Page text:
Tuesday, August 29, 2006

When Frugal Living is a bad thing...

Everybody likes to save money. We all get excited about bargains.. its the way we are made.

Sometimes though.. being frugal is such terrible economy that it needs to be redefined from a way of saving money.. to an expensive hobby.

Here are a few things that defy true frugality.... many are the epitome of False Economy.

1. Gardening:
Unless you already have all the equipment, supplies, and skills... you WILL lose money by gardening. If you further compound your False Economy and decide to "put up" the fruits of your exhaustive labor by canning (requires a canner, jars, lids and usually extra ingredients).. you'll lose even more. Gardening is a wonderful hobby, but it's a hard sell at Frugal living unless you don't value your time at all. Even without counting your time... it's very easy to spend more in garden prep, seeds, tranplants, fertilizer, insecticide, mulch, and tools than you could possibly recoup in grocery savings. Factor in your time to prepare the soil, plant, tend, harvest and preserve.... and it stops feeling very frugal. Gardening IS however.. a lovely hobby.

2. Displacing water in your toilet tank:
Unless you live alone (in which case your savings will be even less), this can be a very dangerous practice in terms of frugality. That tank is designed to use a certain amount of water to flush... without enough water.. you get clogged pipes, which at the very least will require you to plunge it.. and usually requires a serious bout of cleaning. Worst case... you need a plumber or to buy a "snake". Your time is valuable, cleaning supplies cost something.. doing laundry is expensive (you know somebody will toss some towels down to "soak it up". AND.. the pennies you'll save a month on your water bill doesn't justify the risk and inevitability of clogged drains. For households with grownups only.. you might get away with it.. watch out for this False Economy if you live with children!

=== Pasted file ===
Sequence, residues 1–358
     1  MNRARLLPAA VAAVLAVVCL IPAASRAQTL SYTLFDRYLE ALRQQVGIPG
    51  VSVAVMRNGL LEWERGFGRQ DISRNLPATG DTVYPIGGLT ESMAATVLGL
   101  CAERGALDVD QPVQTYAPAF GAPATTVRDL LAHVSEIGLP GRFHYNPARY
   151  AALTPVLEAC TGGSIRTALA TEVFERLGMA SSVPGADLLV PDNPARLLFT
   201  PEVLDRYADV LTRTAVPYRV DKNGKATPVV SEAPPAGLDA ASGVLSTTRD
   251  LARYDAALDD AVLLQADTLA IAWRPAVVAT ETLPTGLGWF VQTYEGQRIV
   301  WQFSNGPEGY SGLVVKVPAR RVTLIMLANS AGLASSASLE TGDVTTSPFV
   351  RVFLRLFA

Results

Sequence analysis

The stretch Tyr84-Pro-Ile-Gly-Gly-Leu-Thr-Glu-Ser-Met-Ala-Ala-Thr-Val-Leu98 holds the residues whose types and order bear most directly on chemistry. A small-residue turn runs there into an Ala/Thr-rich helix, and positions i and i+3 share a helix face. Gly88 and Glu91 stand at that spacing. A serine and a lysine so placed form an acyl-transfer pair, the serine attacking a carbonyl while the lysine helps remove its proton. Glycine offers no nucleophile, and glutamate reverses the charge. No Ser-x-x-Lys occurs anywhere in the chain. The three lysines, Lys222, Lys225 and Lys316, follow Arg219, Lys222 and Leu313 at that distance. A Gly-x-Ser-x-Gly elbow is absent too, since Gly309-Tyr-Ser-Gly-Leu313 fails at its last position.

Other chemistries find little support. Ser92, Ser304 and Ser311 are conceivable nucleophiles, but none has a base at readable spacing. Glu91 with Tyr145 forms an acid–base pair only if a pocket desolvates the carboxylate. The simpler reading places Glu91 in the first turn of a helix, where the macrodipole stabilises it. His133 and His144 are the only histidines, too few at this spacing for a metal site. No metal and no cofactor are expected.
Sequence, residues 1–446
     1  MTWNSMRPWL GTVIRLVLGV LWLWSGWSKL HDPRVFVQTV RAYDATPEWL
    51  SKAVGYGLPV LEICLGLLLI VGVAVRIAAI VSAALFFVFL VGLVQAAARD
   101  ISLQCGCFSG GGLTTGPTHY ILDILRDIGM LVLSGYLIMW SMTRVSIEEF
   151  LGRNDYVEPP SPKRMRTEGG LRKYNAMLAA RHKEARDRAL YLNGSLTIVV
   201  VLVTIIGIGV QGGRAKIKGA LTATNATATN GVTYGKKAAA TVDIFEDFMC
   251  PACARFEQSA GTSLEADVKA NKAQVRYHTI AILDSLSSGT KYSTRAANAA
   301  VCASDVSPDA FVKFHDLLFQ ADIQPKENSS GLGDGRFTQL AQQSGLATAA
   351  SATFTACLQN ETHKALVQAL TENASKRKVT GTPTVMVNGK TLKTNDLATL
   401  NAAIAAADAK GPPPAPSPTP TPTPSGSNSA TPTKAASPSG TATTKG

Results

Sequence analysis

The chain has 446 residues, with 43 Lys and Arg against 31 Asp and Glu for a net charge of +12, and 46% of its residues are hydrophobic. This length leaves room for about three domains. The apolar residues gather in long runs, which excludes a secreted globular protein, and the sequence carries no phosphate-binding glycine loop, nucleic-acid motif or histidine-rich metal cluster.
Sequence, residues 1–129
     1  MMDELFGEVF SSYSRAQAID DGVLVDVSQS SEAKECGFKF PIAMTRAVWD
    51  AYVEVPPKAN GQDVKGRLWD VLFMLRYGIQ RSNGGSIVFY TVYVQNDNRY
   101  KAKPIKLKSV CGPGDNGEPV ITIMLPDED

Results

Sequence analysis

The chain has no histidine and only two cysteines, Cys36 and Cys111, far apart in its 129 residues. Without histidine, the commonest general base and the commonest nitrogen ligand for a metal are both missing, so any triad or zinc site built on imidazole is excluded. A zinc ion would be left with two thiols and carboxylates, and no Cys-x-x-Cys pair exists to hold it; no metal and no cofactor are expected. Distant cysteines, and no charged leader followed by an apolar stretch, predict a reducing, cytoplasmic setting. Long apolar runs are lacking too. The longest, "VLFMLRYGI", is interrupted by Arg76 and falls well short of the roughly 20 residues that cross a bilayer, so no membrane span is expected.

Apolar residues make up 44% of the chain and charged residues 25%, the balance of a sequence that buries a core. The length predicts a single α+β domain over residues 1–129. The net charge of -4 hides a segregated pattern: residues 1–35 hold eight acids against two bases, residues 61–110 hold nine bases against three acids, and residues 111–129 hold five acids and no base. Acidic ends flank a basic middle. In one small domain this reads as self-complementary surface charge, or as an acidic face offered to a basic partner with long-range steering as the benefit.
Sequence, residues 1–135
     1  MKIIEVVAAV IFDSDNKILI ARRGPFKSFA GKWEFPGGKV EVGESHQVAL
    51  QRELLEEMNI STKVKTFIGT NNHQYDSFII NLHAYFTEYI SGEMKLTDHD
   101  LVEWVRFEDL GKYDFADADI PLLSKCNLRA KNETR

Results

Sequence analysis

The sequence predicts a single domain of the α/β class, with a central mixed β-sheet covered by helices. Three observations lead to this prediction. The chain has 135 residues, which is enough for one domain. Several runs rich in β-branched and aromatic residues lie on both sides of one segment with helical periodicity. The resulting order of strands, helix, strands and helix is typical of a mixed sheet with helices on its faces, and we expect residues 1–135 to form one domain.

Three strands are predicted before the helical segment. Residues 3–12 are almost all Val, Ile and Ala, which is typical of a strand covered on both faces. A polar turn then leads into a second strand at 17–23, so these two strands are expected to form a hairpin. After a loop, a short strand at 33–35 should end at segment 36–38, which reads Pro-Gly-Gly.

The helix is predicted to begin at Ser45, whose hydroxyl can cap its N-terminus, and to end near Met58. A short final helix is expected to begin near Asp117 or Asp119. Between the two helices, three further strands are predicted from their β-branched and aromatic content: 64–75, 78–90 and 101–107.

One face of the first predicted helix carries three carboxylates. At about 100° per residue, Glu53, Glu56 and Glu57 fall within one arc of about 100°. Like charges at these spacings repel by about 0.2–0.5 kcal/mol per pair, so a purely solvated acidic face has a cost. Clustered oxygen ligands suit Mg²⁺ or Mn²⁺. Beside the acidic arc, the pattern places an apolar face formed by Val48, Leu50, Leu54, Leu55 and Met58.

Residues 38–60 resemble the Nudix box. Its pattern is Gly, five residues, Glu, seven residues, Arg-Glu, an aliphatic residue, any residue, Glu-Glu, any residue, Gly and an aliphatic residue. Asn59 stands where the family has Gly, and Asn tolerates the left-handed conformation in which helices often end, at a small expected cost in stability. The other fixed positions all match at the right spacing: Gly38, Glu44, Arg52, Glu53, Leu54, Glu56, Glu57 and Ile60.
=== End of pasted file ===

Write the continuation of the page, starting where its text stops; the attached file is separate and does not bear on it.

3. Most House Renovations:
Most household renovations, with the small exception of some paint jobs.. are true False Economies. If you will be living in your home longer than ten years, and want to redo the kitchen, bathroom, den, add a room etc.. you might recoup your investment. Otherwise.. it's very difficult to recoup any money you spend on a house. That especially means things that don't show.. like replacing wiring, plumbing, garbage disposals, a/c units, gutters, and so forth. Frugal means not wasting your money/time/resources. I do believe that most renovations are very poor investments. Don't fool yourself into thinking you are saving money by replacing those old windows with new efficient windows. You'll spend thousands of dollars for the new windows.. and will save maybe $200 a year. Same goes for new insulation, installing solar panels, or anytime you replace something that doesn't actually NEED to be replaced.

4. Saving stuff: